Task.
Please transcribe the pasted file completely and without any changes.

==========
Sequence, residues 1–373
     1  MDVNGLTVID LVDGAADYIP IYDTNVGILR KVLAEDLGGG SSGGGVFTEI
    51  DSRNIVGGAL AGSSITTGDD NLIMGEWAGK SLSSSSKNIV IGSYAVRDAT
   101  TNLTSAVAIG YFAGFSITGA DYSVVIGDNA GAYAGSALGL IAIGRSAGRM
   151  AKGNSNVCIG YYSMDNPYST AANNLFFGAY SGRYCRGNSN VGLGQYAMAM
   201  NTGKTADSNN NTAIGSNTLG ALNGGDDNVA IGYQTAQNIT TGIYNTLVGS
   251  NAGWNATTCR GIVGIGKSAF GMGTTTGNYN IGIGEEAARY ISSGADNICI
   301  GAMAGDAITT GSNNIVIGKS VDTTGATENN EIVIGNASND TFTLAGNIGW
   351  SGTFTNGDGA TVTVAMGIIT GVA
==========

Sequence, residues 1–373
     1  MDVNGLTVID LVDGAADYIP IYDTNVGILR KVLAEDLGGG SSGGGVFTEI
    51  DSRNIVGGAL AGSSITTGDD NLIMGEWAGK SLSSSSKNIV IGSYAVRDAT
   101  TNLTSAVAIG YFAGFSITGA DYSVVIGDNA GAYAGSALGL IAIGRSAGRM
   151  AKGNSNVCIG YYSMDNPYST AANNLFFGAY SGRYCRGNSN VGLGQYAMAM
   201  NTGKTADSNN NTAIGSNTLG ALNGGDDNVA IGYQTAQNIT TGIYNTLVGS
   251  NAGWNATTCR GIVGIGKSAF GMGTTTGNYN IGIGEEAARY ISSGADNICI
   301  GAMAGDAITT GSNNIVIGKS VDTTGATENN EIVIGNASND TFTLAGNIGW
   351  SGTFTNGDGA TVTVAMGIIT GVA